describing the way that New York City’s government actually worked, but he was a small
fish compared with the most famous shark-like machine politician of the day, William “Boss”
Tweed, seen here with a head made of money. “Boss” Tweed basically ran New York in
the late 1860s and early 1870s, and his greatest feat of swindling helps explain how the machine
system worked. It revolved around the then-new County Courthouse
that now houses the New York City Department of Education.
Building the courthouse was initially estimated to cost around $250,000, but ended up costing
$13 million by the time it was finished in 1871.
Included in that cost was a bill of $180,000 for three tables and forty chairs, $1.5 million
for lighting fixtures, and $41,000 for brooms and cleaning supplies.
A plasterer received $500,000 for his initial job and then $1 million to repair his shoddy
work. The standard kickback in these situations
was that Tammany Hall received two dollars for every one dollar received by the contractor.
That may seem like a bad deal for contractors, but remember: That plasterer still got to
keep half a million dollars, which is worth about $9 million in today’s money.
Now of course that makes it sound like political machines were pure evil, especially if you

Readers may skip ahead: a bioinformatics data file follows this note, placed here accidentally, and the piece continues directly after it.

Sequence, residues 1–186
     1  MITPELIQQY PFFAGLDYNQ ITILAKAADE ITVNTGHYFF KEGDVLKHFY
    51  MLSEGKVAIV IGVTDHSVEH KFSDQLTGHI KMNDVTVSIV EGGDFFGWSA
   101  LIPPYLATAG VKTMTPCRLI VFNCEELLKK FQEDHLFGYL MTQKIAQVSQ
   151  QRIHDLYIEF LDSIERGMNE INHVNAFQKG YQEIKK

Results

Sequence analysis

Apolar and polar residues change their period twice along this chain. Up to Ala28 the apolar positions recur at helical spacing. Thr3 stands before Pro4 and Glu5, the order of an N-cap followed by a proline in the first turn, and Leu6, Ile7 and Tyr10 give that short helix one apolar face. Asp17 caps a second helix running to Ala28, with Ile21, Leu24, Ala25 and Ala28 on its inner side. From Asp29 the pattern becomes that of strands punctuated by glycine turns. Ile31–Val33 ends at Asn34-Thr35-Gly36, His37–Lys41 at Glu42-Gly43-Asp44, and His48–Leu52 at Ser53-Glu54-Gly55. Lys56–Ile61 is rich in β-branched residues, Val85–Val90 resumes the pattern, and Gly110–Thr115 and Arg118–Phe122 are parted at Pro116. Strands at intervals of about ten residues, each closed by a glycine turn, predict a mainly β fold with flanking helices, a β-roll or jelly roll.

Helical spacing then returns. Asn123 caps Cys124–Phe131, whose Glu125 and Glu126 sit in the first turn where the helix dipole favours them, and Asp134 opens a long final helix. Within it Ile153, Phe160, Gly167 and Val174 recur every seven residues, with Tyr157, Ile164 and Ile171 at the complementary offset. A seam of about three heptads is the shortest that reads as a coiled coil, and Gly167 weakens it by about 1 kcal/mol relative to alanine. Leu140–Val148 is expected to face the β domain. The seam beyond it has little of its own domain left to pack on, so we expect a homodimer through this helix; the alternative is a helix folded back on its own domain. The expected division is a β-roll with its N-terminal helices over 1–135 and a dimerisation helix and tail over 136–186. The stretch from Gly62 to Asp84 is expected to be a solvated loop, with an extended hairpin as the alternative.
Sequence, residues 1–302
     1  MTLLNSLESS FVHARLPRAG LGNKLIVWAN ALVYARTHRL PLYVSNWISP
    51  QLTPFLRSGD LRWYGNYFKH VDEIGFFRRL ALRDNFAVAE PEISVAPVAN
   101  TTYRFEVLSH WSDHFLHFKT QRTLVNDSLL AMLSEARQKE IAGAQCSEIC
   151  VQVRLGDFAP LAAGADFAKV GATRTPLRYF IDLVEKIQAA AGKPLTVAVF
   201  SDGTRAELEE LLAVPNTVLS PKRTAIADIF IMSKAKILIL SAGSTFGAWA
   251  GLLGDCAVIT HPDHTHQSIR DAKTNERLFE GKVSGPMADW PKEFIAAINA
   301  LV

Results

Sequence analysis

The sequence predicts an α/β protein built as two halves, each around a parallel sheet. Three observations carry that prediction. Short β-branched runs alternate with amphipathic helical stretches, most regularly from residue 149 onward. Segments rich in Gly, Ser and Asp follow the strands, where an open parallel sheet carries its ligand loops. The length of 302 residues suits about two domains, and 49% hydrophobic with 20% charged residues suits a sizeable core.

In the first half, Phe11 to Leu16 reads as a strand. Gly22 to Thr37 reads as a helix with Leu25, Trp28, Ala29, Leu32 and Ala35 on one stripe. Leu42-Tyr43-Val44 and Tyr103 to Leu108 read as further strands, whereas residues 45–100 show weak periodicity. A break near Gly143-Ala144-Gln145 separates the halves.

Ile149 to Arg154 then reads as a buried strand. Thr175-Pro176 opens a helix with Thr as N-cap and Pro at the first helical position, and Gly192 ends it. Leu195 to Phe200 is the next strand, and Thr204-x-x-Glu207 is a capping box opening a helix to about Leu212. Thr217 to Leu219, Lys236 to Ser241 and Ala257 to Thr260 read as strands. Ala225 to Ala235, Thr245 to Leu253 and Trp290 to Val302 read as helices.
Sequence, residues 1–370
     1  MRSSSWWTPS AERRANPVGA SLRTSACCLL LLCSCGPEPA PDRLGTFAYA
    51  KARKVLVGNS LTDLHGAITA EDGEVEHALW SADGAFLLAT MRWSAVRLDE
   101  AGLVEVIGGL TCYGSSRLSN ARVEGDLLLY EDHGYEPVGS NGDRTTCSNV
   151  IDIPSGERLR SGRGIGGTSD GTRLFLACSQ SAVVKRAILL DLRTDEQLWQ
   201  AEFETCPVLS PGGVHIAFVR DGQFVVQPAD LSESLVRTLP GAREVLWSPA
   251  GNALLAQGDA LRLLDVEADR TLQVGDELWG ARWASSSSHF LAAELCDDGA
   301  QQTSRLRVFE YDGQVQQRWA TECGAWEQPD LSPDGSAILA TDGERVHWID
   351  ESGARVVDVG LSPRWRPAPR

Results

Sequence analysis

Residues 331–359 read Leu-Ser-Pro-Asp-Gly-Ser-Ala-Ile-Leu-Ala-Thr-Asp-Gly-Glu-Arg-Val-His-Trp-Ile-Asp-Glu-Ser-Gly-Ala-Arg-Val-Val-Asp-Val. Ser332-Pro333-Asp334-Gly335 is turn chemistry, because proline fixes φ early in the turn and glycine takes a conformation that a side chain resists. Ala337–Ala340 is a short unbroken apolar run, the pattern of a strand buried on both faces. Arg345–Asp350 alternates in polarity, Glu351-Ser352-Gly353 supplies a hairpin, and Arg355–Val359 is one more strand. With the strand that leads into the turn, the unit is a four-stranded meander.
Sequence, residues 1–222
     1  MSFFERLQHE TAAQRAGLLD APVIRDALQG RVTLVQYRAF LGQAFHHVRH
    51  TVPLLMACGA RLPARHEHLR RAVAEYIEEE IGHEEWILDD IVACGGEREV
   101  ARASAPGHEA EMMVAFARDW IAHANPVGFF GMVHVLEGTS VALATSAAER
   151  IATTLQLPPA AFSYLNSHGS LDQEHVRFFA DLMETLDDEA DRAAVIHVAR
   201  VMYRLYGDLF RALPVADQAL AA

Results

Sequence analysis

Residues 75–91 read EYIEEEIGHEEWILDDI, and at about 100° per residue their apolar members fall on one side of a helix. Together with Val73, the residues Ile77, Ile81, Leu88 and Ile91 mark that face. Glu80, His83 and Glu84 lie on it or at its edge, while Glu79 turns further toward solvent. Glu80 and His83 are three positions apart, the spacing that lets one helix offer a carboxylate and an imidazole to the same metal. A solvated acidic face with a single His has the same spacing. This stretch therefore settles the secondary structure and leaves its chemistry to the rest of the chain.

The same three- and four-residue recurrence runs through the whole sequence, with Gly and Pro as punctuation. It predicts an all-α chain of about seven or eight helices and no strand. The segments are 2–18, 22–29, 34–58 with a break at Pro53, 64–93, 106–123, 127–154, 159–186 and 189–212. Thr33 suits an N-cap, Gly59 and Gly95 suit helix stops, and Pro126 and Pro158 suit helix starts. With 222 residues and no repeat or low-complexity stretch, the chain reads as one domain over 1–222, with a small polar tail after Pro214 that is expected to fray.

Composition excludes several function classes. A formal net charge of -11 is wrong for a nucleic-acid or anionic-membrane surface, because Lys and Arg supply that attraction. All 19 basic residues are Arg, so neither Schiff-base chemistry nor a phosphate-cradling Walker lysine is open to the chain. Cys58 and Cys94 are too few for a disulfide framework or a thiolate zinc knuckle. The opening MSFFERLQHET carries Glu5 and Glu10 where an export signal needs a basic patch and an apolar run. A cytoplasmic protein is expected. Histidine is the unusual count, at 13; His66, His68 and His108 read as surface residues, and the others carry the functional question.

were a taxpayer footing the bill for that courthouse.
But machines also provided valuable services to immigrants and other poor people in cities.
As Plunkitt explained, Tammany could help families in need:
“I don’t ask whether they are Republicans or Democrats, and I don’t refer them to
the Charity Organization Society, which would investigate their case in a month or two and
decide they were worthy of help about the time they are dead from starvation. I just
get quarters for them, buy clothes for them if their clothes were burned up, and fix them
up until they get things running again.” In return for this help, Tammany expected
votes so that they could stay in power. Staying in power meant control of city jobs as well
as city contracts. Plunkitt claimed to know “every big employer in the district – and
in the whole city, for that matter — and they ain’t in the habit of saying no to
me when I ask them for a job.” But with all the corruption, sometimes even
that wasn’t enough. Fortunately Tammany politicians could always fall back on fraud.
Tammany found bearded men to vote, then took them to the barber to shave off the beard,
but left the moustache, so that they could vote a second time. And then, they would shave
off the ‘stache so they could vote for a third.
And then of course, there was always violence and intimidation. By the end of the century
a Tammany regular lamented the good old days when, “It was wonderful to see my men slug
the opposition to preserve the sanctity of the ballot.”
But, corruption wasn’t limited to big cities like New York and Chicago. Some of the biggest
boondoggles involved the United States Congress and the executive branch under president Ulysses
Grant. The first big scandal, dubbed the “King
of Frauds” by the New York Sun, involved Credit Mobilier, the construction company
that did most of the road building for the Union Pacific Railroad.
This two pronged accusation involved, first: overcharging the public for construction costs